In a recent blog we looked at performance management and how to distinguish between issues of capability and misconduct when dealing with the underperformance of employees. To bring this issue to life we would like to introduce you to Annabelle.
Annabelle has worked as a marketing assistant in the marketing department of retail company for 3 years, during this time she has consistently underperformed, indeed underperformance was an issue from day one for Annabelle when she failed her probationary period.
Taking a proactive approach rather than instantly dismissing Annabelle, her employer provided some coaching. This initially had a positive effect on her performance but unfortunately in recent months things have begun to slip again, she repeatedly, and frustrating for her manager, makes the same mistakes over and over, does not take guidance well, often has to have tasks explained to her several times and makes consistent inaccuracies in proposals .
Now a major problem for her employer, Annabelle’s mistakes are costing them money and having a detrimental effect on the marketing team and business as a whole. Annabelle’s manager is results driven, he feels she has been given an easy ride by the business and undertakes a formal review of her work.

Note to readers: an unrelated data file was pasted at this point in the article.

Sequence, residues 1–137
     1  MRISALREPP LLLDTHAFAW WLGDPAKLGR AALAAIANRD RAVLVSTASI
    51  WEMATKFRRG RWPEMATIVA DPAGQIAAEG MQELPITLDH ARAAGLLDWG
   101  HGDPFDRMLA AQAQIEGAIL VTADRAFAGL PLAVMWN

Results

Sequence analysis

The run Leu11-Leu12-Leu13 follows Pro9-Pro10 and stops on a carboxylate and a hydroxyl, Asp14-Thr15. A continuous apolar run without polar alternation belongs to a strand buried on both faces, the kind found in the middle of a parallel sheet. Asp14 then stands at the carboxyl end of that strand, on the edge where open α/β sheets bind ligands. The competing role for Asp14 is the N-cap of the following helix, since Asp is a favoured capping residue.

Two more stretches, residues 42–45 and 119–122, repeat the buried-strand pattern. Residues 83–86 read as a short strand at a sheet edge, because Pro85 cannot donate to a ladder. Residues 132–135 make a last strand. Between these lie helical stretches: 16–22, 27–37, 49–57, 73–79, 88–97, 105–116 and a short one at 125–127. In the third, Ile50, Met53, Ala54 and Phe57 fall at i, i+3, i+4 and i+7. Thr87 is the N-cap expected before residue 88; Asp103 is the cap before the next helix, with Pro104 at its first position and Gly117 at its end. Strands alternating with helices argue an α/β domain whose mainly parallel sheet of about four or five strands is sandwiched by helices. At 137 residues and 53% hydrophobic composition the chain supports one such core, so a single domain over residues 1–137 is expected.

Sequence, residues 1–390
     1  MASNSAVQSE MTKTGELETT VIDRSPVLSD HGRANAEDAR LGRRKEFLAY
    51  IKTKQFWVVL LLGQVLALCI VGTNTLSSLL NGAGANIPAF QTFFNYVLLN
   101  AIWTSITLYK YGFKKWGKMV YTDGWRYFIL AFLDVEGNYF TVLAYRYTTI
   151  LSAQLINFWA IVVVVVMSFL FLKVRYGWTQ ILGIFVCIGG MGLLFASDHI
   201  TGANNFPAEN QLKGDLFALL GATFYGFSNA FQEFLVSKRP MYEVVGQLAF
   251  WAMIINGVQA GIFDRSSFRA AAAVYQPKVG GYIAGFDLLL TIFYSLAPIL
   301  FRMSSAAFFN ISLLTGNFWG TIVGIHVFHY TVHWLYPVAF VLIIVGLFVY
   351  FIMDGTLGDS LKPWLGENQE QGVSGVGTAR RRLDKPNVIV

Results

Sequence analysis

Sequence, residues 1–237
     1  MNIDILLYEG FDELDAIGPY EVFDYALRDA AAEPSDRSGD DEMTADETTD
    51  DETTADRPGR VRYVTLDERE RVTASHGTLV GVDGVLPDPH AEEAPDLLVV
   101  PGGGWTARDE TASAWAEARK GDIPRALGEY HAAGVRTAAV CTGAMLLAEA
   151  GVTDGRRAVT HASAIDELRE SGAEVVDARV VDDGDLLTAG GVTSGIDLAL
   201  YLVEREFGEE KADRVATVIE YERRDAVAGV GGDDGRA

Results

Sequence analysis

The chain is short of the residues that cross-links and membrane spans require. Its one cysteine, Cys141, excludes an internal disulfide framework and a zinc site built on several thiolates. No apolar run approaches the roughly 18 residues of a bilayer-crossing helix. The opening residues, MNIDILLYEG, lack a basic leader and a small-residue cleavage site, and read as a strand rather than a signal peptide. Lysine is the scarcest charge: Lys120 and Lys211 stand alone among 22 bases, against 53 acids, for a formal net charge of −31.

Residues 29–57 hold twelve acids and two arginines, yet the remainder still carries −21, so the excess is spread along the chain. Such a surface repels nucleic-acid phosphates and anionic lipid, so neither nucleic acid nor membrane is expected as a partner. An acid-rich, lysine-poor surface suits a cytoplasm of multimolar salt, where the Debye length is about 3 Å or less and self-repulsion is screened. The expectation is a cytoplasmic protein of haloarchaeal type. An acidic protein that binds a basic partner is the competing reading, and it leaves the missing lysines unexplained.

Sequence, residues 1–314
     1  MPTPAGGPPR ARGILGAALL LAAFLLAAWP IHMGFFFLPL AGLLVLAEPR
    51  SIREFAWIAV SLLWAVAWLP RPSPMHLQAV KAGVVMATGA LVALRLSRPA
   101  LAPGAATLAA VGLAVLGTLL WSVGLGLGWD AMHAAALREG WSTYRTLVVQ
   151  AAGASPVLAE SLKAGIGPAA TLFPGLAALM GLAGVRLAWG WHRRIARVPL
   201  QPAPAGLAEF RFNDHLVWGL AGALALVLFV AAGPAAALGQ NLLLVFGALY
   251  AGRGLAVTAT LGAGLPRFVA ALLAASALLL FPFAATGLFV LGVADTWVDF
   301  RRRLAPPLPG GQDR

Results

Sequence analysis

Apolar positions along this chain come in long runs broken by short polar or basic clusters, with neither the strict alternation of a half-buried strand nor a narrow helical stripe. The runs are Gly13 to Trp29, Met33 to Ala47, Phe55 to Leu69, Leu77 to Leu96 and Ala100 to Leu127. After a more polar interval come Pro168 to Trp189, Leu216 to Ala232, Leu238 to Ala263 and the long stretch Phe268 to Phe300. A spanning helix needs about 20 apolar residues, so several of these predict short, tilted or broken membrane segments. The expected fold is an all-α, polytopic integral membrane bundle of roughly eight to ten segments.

On the flip side, Annabelle feels that she has not been supported by her employer, that she is not being properly managed and that she lacks coherent and consistent guidance.
Annabelle’s manager invites her to a meeting to discuss the on-going issues with her performance and although this meeting is handled in a professional manner, with legitimate concerns raised and examples of underperformance given, Annabelle feels bullied and raises a formal grievance against her manager.
Both sides are now aggrieved – what is the solution?
Check out next week’s blog for the solution to this problem.